PNH Patients Treated with Soliris Experienced Dramatic Reduction in Blood Clots During Clinical TrialsAnalysis published in the journal Blood found 92 percent reduction in incidence of thromboses
CHESHIRE, Conn., August 20, 2007 /PRNewswire-FirstCall/ -- Patients with a rare blood disorder called PNH experienced a 92 percent reduction in the incidence of life-threatening blood clots (thromboses) following treatment with Soliris(TM) (eculizumab), according to an analysis of clinical studies recently published online in Blood, the journal of the American Society of Hematology.
Soliris, developed by Alexion Pharmaceuticals, Inc. , is the first therapy approved for paroxysmal nocturnal hemoglobinuria (PNH), a rare, debilitating and life-threatening blood disorder defined by the destruction of red blood cells, or hemolysis. In patients with PNH, hemolysis can cause severe anemia, disabling fatigue, recurrent pain, shortness of breath, pulmonary hypertension, intermittent episodes of dark colored urine (hemoglobinuria), kidney disease, impaired quality of life and thromboses. (1,2)
"Thrombosis is the leading cause of premature death in PNH patients and the most feared complication of PNH," said Dr. Peter Hillmen, senior author of the paper and Consultant Haematologist of the General Infirmary at Leeds, Leeds, UK. "In several clinical trials, Soliris reduced hemolysis in all PNH patients and significantly improved anemia, fatigue and quality of life. The comprehensive analyses demonstrate that Soliris substantially reduced the risk of thrombosis in a diverse population of PNH patients, including those who might be expected to have less severe disease."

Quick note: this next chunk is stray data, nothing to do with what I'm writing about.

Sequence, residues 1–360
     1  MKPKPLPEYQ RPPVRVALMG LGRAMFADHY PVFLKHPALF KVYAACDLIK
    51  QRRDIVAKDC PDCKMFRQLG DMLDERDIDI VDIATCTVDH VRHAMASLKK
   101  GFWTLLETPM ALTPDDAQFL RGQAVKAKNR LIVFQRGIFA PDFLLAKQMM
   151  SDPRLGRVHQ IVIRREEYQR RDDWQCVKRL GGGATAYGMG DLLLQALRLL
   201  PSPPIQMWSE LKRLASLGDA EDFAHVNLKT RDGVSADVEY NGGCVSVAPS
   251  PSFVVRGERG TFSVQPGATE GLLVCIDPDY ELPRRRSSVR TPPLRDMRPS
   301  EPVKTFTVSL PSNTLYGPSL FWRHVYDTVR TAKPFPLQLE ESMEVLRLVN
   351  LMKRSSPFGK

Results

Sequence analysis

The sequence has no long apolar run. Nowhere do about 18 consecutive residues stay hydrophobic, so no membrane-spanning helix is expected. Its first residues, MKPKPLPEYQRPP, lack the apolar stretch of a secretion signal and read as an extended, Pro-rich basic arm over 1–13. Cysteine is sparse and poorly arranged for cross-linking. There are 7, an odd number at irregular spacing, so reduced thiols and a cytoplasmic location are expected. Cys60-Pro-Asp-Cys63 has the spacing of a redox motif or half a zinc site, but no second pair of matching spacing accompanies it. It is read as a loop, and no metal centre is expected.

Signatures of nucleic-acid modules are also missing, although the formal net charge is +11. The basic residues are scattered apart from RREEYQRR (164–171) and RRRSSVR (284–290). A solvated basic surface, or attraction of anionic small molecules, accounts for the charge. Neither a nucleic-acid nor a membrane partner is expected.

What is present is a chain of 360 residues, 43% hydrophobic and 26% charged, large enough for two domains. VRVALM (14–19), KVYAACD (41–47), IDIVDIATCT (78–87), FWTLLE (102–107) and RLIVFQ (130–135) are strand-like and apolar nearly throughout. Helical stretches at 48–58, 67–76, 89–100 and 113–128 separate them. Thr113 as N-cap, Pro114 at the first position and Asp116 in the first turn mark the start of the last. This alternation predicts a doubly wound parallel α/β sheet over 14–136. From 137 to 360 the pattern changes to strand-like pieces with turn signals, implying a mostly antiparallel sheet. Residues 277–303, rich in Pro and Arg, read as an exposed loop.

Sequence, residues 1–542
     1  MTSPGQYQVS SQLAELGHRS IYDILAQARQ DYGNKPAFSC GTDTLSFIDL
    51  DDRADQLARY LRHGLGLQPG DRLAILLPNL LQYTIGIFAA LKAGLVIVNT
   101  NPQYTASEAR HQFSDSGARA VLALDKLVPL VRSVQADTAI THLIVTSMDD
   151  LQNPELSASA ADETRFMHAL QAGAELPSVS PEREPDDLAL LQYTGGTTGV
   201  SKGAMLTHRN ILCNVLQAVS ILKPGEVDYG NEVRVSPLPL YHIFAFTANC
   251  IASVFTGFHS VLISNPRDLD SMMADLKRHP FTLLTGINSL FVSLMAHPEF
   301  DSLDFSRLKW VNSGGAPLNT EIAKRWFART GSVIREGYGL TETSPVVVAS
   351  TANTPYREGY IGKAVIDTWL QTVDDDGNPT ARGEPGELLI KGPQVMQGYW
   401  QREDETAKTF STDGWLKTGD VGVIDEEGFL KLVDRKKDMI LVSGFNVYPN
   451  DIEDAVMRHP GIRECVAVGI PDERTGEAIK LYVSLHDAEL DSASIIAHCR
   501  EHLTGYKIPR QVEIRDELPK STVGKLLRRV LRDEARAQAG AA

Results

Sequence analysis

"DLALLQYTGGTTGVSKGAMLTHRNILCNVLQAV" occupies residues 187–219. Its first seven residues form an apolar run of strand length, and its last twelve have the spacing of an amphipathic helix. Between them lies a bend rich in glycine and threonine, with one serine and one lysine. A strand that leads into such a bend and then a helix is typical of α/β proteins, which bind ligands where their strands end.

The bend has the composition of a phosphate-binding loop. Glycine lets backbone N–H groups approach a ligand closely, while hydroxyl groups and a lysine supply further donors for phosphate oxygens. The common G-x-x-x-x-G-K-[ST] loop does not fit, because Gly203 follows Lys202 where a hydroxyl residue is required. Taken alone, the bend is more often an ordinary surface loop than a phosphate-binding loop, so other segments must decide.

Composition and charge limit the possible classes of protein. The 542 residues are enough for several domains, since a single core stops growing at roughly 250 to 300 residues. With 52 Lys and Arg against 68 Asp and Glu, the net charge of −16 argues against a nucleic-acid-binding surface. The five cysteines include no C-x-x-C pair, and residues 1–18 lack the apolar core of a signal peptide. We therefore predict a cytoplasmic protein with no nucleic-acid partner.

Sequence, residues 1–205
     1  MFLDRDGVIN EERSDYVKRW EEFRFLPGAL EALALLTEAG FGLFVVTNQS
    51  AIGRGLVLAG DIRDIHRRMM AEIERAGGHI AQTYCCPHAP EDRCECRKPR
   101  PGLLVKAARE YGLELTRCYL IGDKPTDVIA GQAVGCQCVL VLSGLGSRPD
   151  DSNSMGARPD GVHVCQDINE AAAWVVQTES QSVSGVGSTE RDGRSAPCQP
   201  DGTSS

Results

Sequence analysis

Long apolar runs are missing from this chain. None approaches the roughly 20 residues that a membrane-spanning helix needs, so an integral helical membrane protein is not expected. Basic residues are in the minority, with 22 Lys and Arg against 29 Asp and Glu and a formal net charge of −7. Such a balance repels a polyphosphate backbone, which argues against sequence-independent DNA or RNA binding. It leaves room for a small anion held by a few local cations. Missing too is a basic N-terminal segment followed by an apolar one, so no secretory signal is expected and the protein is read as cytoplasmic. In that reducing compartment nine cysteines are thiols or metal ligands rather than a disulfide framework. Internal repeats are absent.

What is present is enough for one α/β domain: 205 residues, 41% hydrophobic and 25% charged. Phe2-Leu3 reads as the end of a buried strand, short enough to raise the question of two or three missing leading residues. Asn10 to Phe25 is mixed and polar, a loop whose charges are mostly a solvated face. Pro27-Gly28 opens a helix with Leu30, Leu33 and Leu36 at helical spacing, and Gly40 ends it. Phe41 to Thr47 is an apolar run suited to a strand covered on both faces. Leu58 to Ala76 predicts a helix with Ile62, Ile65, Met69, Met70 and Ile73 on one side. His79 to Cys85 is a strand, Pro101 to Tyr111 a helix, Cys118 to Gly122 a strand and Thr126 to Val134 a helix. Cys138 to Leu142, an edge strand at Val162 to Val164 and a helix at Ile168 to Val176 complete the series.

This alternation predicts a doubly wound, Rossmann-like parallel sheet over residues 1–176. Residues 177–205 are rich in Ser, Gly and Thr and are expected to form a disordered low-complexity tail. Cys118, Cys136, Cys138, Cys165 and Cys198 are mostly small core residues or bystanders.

Approximately 40 percent of patients with PNH experience thrombosis during the course of the disease.(3,4,5,6) An initial thrombosis increases the relative risk of death by five- to ten-fold for PNH patients.(3,7) Thrombosis is related to hemolysis in patients with PNH, and patients with both smaller and larger PNH clones are reported to experience this complication.(8,9,10,11,12) Research involving a small group of PNH patients, including those without a history of blood transfusion, found that 60 percent had sub-clinical thrombosis, which could later develop into blood clots.(13)
"For decades, people with PNH have lived with debilitating symptoms, including the threat of blood clots and their complications," said Leonard Bell, MD, Chief Executive Officer of Alexion. "This publication reinforces the importance of our goal to ensure that every PNH patient who can benefit from Soliris will have access to it."
"Many PNH patients face not only devastating symptoms, but a sharply increased risk for developing life-threatening blood clots as a result of their disease," said John Huber, Executive Director of the Aplastic Anemia & MDS International Foundation. "This news provides additional hope for patients struggling with PNH and the danger of PNH-related blood clots. We look forward to seeing the impact this new analysis has on treatment of patients with PNH."